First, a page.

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Mathematics Initiative Office of Superintendent of Public Instruction A White Paper on Computational Fluency (K-12) 2007 WERA Spring Conference Slide 13 What is Computational Fluency? More Contemporary Thinking NCTM’s Curriculum and Evaluation Standards for School Mathematics (1989) –“Children should master the basic facts of arithmetic that are essential components of fluency with paper-and-pencil and mental computation and with estimation” (p. 47). –“Practice designed to improve speed and accuracy should be used, but only under the right conditions: that is, practice with a cluster of facts should be used only after children have developed an efficient way to derive the answers to those facts” (p. 47). –“It is important for children to learn the sequence of steps, and the reasons for them, in the paper-and-pencil algorithms used widely in our culture. Thus instruction should emphasize the meaningful development of these procedures, not the speed of processing” (p. 47).

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Mathematics Initiative Office of Superintendent of Public Instruction A White Paper on Computational Fluency (K-12) 2007 WERA Spring Conference Slide 14 What is Computational Fluency? More Contemporary Thinking NCTM’s Principles and Standards for School Mathematics (2000) –“Fluency refers to having efficient, accurate, and generalizable methods (algorithms) for computing that are based on well-understood properties and number relationships.” NCTM, 2000, p. 144 NCTM, 2000, p. 144

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Mathematics Initiative Office of Superintendent of Public Instruction A White Paper on Computational Fluency (K-12) 2007 WERA Spring Conference Slide 15 What is Computational Fluency? More Contemporary Thinking NRC’s Adding it Up –Conceptual Understanding: Comprehension of mathematical concepts, operations, and relations. –Procedural Fluency: Skill in carrying out procedures flexibly, accurately, efficiently, and appropriately. –Strategic Competence: Ability to formulate, represent, and solve mathematical problems.

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Mathematics Initiative Office of Superintendent of Public Instruction A White Paper on Computational Fluency (K-12) 2007 WERA Spring Conference Slide 16 What is Computational Fluency? More Contemporary Thinking –Adaptive Reasoning: Capacity for logical thought, reflection, explanation, and justification. –Productive Disposition: Habitual inclination to see mathematics as sensible, useful, and worthwhile, coupled with a belief in diligence and one’s own efficacy. U.S. National Research Council, 2001, p. 5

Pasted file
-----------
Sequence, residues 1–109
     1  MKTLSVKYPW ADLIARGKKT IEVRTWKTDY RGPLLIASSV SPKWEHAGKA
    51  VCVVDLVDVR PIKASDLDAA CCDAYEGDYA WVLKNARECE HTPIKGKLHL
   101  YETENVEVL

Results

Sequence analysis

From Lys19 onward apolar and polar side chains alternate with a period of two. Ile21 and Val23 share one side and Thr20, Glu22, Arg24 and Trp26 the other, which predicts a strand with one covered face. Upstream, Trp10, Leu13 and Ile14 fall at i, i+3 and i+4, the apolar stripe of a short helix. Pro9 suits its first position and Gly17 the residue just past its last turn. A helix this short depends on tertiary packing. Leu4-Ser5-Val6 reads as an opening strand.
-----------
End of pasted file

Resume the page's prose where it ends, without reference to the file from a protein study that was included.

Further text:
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Mathematics Initiative Office of Superintendent of Public Instruction A White Paper on Computational Fluency (K-12) 2007 WERA Spring Conference Slide 17 Adding it Up, National Research Council, p. 117

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Mathematics Initiative Office of Superintendent of Public Instruction A White Paper on Computational Fluency (K-12) 2007 WERA Spring Conference Slide 18 What is Computational Fluency? More Contemporary Thinking NCTM’s (2006) Curriculum Focal Points for Prekindergarten through Grade 8 Mathematics –Grade 2: Developing “quick recall” of addition and subtraction facts and fluency with supporting algorithms is a focus. –Grade 4: Developing “quick recall” of the basic multiplication facts and related division facts and fluency with whole number multiplication. –Grade 5: Developing an understanding of and fluency with division of whole numbers. –Grade 5/6: Developing an understanding of and fluency with addition and subtraction of fractions and decimals.

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Mathematics Initiative Office of Superintendent of Public Instruction A White Paper on Computational Fluency (K-12) 2007 WERA Spring Conference Slide 19 What is Computational Fluency? More Contemporary Thinking Susan Jo Russell on “Accuracy” Susan Jo Russell on “Accuracy” Accuracy depends on several aspects of the problem solving process, among them, careful recording, the knowledge of basic number combinations and other important number relationships, and concern for double-checking results. (2000, p. 154)

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Mathematics Initiative Office of Superintendent of Public Instruction A White Paper on Computational Fluency (K-12) 2007 WERA Spring Conference Slide 20 What is Computational Fluency? More Contemporary Thinking Susan Jo Russell on “Efficiency” Susan Jo Russell on “Efficiency” Efficiency implies that the student does not get bogged down in many steps or lose track of the logic of the strategy. An efficient strategy is one that the student can carry out easily, keeping track of sub-problems and making use of intermediate results to solve the problem. (2000, p. 154)